Potting soils

Jun 8, 2024

Potting soils

Jun 8, 2024

It's that time of year when lots of potting and repotting is going on. I was potting some seedlings a few days ago when I had started in seedling mix.   Seedling  mix is good for seedlings, because it is  sterile, drains well and the seeds can readily make new roots. There is no fertilizer in this mix as the plants are just germinating and will be moved to a soil mixture within a short time

While I was potting up the seedlings from the starter mix, I noticed the type of soil that was in the bag I had purchased. It was an organic mix but did not appear to have small sharp stones in it. I have been working with bonsai for many years and all the soils used in bonsai have various sharp rocks and pebbles in them. This encourages the feeder roots to split and grow many rather than one or two main roots. In fact, I potted up a plant today from my old bonsai mix and it was mostly feeder roots.

When you repot a plant and then water, watch and make sure the water runs out the bottom. On occasion I have lifted a plant out of the pot after watering and only the top inch is moist.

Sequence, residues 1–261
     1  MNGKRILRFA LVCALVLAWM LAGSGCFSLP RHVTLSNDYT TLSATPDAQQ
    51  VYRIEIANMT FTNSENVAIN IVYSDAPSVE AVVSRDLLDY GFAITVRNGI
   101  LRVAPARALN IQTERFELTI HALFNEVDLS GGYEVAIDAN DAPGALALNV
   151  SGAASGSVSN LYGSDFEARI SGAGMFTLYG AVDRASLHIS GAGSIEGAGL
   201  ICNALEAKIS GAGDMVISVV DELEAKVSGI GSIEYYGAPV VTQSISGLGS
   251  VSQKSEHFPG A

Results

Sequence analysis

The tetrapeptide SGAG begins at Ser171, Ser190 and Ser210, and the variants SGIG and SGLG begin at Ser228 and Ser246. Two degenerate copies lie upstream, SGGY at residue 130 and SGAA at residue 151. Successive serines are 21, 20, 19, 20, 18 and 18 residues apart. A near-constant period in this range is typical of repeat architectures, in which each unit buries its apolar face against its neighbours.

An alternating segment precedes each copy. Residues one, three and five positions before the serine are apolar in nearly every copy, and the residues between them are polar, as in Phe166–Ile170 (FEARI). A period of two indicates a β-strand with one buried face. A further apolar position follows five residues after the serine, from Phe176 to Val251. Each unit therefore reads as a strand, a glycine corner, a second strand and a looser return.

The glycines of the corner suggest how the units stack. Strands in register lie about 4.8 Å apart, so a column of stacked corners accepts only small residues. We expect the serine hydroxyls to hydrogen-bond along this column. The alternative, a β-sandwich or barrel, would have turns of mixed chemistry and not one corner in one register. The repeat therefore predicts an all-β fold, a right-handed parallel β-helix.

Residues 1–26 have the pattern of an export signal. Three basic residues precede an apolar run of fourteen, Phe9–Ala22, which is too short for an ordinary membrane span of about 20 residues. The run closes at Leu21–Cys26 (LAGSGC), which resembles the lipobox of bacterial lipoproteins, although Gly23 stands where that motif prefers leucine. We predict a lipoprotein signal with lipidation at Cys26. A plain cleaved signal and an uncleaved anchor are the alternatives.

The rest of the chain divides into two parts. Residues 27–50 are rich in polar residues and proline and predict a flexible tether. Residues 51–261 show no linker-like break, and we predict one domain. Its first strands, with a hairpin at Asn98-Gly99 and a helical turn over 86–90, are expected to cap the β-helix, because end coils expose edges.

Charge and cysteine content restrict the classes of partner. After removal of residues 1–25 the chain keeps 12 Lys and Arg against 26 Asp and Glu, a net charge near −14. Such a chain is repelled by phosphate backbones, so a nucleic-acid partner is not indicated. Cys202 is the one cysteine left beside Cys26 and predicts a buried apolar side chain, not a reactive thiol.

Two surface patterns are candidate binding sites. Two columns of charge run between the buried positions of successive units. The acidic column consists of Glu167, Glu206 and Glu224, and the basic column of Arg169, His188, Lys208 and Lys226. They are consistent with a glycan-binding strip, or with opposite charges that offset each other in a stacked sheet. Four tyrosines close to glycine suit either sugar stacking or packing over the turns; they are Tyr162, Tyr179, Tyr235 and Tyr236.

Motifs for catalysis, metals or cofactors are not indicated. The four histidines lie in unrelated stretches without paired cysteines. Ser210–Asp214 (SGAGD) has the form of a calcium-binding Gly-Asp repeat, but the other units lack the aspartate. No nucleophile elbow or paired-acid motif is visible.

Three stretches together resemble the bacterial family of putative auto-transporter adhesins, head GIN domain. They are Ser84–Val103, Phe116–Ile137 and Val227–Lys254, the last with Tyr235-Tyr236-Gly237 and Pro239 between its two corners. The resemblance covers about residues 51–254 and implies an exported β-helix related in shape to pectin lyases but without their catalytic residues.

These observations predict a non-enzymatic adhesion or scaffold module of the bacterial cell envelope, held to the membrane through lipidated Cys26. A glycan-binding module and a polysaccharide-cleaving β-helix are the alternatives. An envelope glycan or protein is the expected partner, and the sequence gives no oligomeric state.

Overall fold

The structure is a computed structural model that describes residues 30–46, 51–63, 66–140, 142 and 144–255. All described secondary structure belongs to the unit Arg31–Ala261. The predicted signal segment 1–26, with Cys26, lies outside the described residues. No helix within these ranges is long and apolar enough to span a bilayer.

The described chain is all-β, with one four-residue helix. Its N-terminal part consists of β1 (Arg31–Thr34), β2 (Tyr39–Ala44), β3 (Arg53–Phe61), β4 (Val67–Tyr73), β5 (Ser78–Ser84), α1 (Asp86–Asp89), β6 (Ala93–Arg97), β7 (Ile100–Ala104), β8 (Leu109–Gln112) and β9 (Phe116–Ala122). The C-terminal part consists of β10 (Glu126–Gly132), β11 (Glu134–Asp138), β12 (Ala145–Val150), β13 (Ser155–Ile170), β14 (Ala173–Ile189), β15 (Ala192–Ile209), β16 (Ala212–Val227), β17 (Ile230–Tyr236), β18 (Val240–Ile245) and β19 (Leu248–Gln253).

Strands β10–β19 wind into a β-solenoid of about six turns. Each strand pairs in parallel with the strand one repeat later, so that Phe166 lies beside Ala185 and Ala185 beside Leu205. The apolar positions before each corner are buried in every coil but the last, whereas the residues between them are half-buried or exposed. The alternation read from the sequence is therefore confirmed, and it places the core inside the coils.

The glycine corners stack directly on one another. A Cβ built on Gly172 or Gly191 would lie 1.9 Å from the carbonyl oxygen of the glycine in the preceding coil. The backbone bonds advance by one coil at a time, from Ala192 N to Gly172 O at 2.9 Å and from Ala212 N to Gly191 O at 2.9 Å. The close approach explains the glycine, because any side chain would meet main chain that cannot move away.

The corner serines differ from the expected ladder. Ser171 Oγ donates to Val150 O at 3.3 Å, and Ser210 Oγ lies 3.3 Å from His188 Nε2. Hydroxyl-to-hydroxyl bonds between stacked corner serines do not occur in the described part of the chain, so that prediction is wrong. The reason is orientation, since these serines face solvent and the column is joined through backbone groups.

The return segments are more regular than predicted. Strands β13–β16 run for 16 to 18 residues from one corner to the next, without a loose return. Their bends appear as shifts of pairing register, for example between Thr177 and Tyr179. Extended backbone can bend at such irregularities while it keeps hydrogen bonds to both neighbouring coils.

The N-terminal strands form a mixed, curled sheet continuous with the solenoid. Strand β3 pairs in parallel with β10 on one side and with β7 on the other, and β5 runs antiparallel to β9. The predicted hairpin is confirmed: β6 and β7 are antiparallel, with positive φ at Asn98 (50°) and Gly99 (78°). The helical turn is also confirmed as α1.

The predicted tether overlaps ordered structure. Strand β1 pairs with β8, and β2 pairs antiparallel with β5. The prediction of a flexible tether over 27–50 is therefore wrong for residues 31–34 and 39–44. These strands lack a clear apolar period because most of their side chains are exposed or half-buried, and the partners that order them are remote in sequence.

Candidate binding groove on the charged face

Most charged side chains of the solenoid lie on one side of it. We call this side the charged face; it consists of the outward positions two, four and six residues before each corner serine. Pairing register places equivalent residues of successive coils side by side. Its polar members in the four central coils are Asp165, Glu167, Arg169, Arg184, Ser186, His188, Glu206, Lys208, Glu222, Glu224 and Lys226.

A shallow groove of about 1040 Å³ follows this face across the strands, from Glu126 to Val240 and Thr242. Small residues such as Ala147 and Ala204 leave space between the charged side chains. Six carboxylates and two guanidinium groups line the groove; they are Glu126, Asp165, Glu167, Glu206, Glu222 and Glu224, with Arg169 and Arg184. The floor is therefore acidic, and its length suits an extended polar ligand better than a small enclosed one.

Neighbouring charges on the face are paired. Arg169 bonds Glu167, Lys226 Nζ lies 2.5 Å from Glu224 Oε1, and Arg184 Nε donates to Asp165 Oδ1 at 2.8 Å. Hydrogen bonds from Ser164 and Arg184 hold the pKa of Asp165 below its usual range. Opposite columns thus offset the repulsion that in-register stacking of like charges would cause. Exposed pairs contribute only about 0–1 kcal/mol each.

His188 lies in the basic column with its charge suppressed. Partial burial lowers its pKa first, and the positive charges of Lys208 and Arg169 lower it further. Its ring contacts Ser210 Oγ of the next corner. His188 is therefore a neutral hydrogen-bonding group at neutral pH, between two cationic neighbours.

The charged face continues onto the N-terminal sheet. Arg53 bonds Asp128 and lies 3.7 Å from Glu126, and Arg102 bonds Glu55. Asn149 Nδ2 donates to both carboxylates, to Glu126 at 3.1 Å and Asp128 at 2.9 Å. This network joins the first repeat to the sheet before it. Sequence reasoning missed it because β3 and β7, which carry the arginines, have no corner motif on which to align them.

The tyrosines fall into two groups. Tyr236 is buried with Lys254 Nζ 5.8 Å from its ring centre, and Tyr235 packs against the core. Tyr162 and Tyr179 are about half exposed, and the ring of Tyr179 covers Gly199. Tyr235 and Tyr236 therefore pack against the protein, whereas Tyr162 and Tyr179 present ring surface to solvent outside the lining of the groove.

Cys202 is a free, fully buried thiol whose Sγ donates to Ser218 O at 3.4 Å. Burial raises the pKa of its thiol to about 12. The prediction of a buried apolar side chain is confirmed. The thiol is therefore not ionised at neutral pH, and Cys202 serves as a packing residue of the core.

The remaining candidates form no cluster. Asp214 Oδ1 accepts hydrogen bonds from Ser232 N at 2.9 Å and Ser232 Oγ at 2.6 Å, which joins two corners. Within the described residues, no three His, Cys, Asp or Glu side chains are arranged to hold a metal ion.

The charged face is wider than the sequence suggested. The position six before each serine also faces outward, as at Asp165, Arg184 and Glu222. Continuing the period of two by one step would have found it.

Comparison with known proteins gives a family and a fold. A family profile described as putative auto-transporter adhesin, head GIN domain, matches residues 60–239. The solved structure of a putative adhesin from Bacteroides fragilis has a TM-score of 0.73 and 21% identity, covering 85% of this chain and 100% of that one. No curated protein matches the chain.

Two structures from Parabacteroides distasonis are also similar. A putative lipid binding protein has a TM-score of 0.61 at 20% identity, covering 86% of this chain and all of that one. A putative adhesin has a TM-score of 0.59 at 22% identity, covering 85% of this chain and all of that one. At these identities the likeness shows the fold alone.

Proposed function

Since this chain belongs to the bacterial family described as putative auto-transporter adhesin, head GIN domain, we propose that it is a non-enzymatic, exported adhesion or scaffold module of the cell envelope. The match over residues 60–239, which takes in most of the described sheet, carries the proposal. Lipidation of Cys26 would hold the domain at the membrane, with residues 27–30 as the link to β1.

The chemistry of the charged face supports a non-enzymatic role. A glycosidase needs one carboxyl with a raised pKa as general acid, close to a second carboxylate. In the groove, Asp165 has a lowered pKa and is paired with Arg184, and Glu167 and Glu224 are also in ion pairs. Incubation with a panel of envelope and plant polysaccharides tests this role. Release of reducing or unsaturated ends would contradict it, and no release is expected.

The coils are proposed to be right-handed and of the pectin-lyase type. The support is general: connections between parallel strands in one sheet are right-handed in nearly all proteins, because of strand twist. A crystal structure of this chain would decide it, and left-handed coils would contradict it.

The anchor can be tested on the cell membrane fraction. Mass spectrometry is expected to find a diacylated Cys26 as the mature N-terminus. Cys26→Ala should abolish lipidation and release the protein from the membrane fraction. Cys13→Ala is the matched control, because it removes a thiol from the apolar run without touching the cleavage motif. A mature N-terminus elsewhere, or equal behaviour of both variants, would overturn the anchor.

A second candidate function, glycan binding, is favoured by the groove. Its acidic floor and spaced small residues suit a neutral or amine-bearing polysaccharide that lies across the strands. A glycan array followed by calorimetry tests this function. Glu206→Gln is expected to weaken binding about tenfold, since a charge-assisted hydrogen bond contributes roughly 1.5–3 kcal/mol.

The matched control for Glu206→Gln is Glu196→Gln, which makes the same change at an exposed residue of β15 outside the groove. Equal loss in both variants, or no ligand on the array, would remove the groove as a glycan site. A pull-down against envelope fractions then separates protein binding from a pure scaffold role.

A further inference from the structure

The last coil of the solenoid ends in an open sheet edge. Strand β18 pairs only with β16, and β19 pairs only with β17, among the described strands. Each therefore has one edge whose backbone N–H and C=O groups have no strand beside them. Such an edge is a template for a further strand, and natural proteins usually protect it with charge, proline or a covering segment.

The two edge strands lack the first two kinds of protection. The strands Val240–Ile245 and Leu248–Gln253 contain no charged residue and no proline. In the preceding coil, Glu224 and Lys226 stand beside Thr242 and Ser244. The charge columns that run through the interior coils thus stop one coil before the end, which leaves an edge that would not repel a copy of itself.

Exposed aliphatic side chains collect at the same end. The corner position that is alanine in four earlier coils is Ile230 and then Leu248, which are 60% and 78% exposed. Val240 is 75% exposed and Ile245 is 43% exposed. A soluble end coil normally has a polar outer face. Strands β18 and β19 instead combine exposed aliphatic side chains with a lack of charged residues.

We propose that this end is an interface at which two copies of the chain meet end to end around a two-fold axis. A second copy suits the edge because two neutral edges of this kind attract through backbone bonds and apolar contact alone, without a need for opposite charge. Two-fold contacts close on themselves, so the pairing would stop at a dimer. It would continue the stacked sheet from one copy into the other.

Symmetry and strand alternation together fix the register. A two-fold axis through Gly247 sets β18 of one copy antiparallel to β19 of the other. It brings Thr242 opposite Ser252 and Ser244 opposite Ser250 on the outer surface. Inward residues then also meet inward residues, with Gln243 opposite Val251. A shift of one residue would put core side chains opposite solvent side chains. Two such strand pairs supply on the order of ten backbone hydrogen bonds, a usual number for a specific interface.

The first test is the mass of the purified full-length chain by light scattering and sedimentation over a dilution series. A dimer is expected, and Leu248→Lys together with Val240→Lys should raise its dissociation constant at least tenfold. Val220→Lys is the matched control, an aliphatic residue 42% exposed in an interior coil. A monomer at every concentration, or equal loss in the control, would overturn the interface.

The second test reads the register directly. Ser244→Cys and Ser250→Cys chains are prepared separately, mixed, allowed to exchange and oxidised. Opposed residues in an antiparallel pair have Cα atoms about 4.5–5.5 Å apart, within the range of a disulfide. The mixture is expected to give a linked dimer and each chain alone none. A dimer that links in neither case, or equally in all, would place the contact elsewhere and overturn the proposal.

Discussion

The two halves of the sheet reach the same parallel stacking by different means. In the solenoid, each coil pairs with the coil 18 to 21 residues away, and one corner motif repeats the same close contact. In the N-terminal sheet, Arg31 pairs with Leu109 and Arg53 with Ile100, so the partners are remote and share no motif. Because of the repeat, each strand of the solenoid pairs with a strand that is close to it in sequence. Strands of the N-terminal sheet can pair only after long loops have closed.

The bonsai soils retain moisture but drains all the standing water out of the soil. These soils seem to stay damp longer than some of the plants I have purchased over the years which are planted in a mixture that is heavily into peat moss.  When the soil containing peat moss dries out, it has to be soaked in water to become moist again.

The recipes for bonsai soils depend on the plant that is going to be planted. Some like junipers and pines are planted into completely soilless mixes with just small stones, pumice, a  stone called Akadama which comes from Japan, and perhaps compost. Maples and other deciduous trees need a mixture that contains more compost. All these mixtures need fertilizers and I mostly use worm compost on top which contains all the nutrients plants need.